I’m a fan of classic films. The writing and acting, the willingness to let a plot slowly unfold, and the patience to let characters develop separate those “old” films from much of what we see today. The independent and international films we show in our film series also usually value these traits. We live in a fast-paced world and Hollywood makes fast-paced films. That does not make them bad, but different from the older films or ones we show in our series.
But classic films also have a serious problem. Racism. Entire films were made with white casts, even white extras, so you think there are only white-skinned people in the world. Or, people of color were given stereotypic roles: the black maid, the gangster Latino, and the sly Asian person. Indigiousness people were played by other darker-skinned people or, if that didn’t work, they would just slap dark makeup on a white face.
Plus, many films, especially musicals are marred by the appearance of “blackface,” a vaudeville tradition of a white actor using exaggerated black makeup and gestures to create a comic character. TCM (Turner Classic Movies) has openly wrestled with this and created a great 12-minute video you can watch online entitled Blackface and Hollywood: A Short History.
Then there was the Gone with the Wind controversy in 2020 as filmmaker John Ridley called on HBO to remove the classic film from its rotation. “It is a film that, when it is not ignoring the horrors of slavery, pauses only to perpetuate some of the most painful stereotypes of people of color,” Ridley wrote. HBO pulled the film.
Ridley did not want the film to disappear but wanted it to be shown with some context. Perhaps paired with films that show the true nature of slavery (if a film can capture such horror) or be shown with people discussing the film before it is shown.
What Ridley must recognize is that while Gone with the Wind is an easy target, the list of films that perpetuate hateful stereotypes and shock us with their easy-going racism is large. Very large. Yet the enormity of the task of addressing racism in film cannot push us away from the task.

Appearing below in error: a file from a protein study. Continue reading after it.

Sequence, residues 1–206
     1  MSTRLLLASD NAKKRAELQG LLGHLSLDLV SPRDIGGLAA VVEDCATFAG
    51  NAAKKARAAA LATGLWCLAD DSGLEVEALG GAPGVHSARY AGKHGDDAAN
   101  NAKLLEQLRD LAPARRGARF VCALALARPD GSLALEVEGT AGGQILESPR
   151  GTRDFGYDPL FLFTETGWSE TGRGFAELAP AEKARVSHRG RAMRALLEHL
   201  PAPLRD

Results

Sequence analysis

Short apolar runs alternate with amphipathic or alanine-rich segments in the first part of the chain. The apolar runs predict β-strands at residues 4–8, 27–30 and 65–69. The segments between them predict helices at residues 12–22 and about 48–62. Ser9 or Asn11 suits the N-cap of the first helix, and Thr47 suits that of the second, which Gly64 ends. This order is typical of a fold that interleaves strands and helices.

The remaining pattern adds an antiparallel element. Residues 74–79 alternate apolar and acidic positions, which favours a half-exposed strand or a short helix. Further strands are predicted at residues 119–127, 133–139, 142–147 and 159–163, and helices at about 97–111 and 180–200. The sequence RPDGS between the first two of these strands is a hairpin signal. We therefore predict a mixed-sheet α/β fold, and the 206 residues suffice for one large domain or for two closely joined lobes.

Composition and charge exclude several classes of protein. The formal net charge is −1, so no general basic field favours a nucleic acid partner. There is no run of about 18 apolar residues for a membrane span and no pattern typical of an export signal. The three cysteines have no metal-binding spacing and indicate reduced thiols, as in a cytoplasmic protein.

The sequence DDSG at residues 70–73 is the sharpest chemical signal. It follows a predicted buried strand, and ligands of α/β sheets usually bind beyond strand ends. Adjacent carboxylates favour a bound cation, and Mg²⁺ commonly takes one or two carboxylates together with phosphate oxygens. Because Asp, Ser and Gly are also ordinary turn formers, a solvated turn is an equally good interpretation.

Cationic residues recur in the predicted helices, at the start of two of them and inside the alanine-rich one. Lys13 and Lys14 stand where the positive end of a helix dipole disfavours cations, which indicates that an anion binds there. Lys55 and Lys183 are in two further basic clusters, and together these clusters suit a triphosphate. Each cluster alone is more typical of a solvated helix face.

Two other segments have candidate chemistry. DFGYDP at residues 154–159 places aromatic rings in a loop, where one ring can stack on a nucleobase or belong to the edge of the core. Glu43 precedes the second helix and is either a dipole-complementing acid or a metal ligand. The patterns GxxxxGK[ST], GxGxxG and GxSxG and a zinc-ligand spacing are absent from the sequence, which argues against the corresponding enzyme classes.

“It’s difficult to face things that are ugly in our history,” says professor and TCM host Jacqueline Stewart, “but denial is worse.”
When we show classic films at the Knickerbocker we’ve subtly, never overtly, addressed these issues. We’ve avoided films with blackface and tried to eliminate those with strong stereotypes. We’ve balanced the all-white genre with black musicals such as Cabin the Sky or featured films that include a great African-American actor like Sidney Poitier. (Including the film, In the Heat of the Night, which is one of the best explorations of racism I’ve seen on the screen). But we clearly have more work to do in order to address this issue in our film selections.
“It’s difficult to face things that are ugly in our history. But denial is worse.”Film professor and TCM host Jacqueline Stewart
And, as if addressing racism is not enough, there are all the issues you find that were treated one way in the 1940s but now, 80 years later, we find appalling. The disregard for people in a wheelchair, the “traditional woman” responsibilities speeches given to young girls, and the misunderstanding of mental illness.
There are no simple ways to address all of this and no one film can do it. The TCM documentary noted above gives you a quick overview of one racist element of Hollywood, but it is the start of a conversation, not the end.
We open our film series this fall with a documentary about a woman who faced racism throughout her acting career. There are few artists as successful in so many areas as Rita Moreno, but her success came despite the racism of her profession and the United States culture. She stole the show in many films we consider classics, and this documentary, Rita Moreno: Just a Girl Who Decided to Go For It adds to this conversation about film and racism. We get to hear from someone who has experienced racism for decades and knows the damage it inflicts. But she is also someone who has fought that racism to become a legend, offering us a testament of hope. We can learn by listening, by talking, by engaging the challenge of racism. Films are one way we can begin and continue those important conversations.